The Tailors of Poznance (1967)
Book and lyrics by Roy Cowen
MP3 Album Cover
This album is captioned "The Best of Goldberg and Solomon No. 2," implying there was an earlier record in the series, which I am told was The Chandeliers, although it seems to be an extreme rarity. There is a later record, Gilbert and Sullivan Go Kosher (1970), which includes excerpts from both of these operas, and others.
This record is not in my collection, but Chris Webster provided the following review:
This was released by Eyemark Records (which I assume to be a small British company—I have never heard of anything else on this label). To quote the first paragraph of the sleeve notes:"The Goldberg and Solomon Opera Company was recently formed by Roy Cowen and Iain Kerr on the assumption that Gilbert and Sullivan, had they been Jewish, would have written their famous Operettas along slightly different lines! As this series of records progresses the listener will be convinced that Goldberg and Solomon (alias Cowen and Kerr) are not imitators, but exponents, of the art that made Gilbert and Sullivan such illustrious figures.
I listened to this LP today and, perhaps because I am not Jewish, found that most of the humour (as well as the dialogue, because of the accents and use of words I don't understand) went over my head. Basically, there is some sort of family marital plot that uses Pirates as its base and follows the opera with adapted words to a selection of its songs. The biographies of the main artistes mention Australia and New Zealand wherever possible, which may add something to its background.
Dan Kravetz wrote:
"Goldberg and Solomon" was a duet act with piano accompaniment, in which Cowen and Kerr portrayed the imaginary Jewish comic opera creative team. They would tell the audience about the operas they had supposedly written, singing musical numbers from them in voices that presumably imitated how the characters in the operas were supposed to sound. Tailors and Chandeliers were two examples of the team's alleged output, but there may have been parodies of other operas in similar vein as the act continued to be performed. The above LP documents a typical live performance by the act, which seems to owe quite a bit to Flanders and Swann, as well as Hinge and Brackett. At least one of the two men [Cowan —ed.] passed away many years ago, ending the act.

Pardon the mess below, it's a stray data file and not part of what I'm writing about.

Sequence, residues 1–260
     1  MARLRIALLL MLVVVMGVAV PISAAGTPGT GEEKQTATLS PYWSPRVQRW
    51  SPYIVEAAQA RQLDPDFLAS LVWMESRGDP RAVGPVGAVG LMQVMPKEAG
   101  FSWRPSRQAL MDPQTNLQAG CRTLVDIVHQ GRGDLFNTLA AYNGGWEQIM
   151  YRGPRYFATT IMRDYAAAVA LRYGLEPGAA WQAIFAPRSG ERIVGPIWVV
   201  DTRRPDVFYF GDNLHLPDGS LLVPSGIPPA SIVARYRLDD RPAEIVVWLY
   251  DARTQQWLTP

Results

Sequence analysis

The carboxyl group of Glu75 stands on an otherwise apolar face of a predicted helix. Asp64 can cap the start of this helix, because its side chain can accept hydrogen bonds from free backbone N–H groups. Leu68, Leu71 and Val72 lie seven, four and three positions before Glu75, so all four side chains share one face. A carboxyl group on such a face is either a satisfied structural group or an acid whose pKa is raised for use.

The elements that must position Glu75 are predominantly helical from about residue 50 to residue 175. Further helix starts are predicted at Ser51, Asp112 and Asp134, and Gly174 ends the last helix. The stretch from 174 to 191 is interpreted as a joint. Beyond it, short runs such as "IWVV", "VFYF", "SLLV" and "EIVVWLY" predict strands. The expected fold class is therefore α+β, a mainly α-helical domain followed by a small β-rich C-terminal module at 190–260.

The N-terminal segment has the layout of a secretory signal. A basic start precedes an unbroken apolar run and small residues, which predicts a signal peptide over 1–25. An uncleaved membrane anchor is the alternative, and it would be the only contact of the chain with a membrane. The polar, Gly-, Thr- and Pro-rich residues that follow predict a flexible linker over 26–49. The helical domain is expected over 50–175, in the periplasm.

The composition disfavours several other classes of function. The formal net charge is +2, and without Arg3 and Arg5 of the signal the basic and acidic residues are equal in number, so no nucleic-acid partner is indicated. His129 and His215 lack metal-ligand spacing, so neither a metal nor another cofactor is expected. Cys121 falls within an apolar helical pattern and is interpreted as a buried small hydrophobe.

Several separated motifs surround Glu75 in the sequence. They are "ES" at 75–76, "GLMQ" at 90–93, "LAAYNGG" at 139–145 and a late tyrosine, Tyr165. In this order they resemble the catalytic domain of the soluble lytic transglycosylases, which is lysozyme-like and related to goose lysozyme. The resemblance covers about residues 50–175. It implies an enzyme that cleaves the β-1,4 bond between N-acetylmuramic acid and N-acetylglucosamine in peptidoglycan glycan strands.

At some point, after the act had been a confirmed success, Cowan and Kerr recorded an expanded version of Tailors with several male and female performers joining them in the cast [i.e., the above captioned recording]. The recording purports to witness an actual stage performance of Tailors, but I believe that this was a gimmick carried out in the recording studio, and that there was never really a staged version of this or any other "Goldberg and Solomon" work. I have heard that this expanded Tailors was actually recorded before the other LP but, because it was released later, it was labelled the second Goldberg & Solomon album. These LP's are all that remain of the act, and both are quite amusing, though I find Tailors funnier in the shorter, two-man version than in the expanded version.
The selections are as follows:
|Act One||Act Two|
Overture and "Celebration"|
"When Mervyn Was A Little Chap"
"I Am A Morry King"
"I Must Tell You, My Dear Morry"
"Just Take A Look What We Have Found"
"Sheila Sholom Song"
"Oliver Sholom Psalm"|
It's A Pleasure To Be Meeting You"
"If You're Looking For A Man"
"A Shatchan's Lot"
Chris Webster says the record comes with a small booklet entitled "Goldberg's Guide to the Lyrics and (you should excuse me) Glossary." It gives all the song lyrics, but not the dialogue, and also explains the meanings of the Jewish words.
|1967||Eyemark Records||LP||EMPL 1005|
|2007||Kerr/Cowen||MP3 Download||[no number]|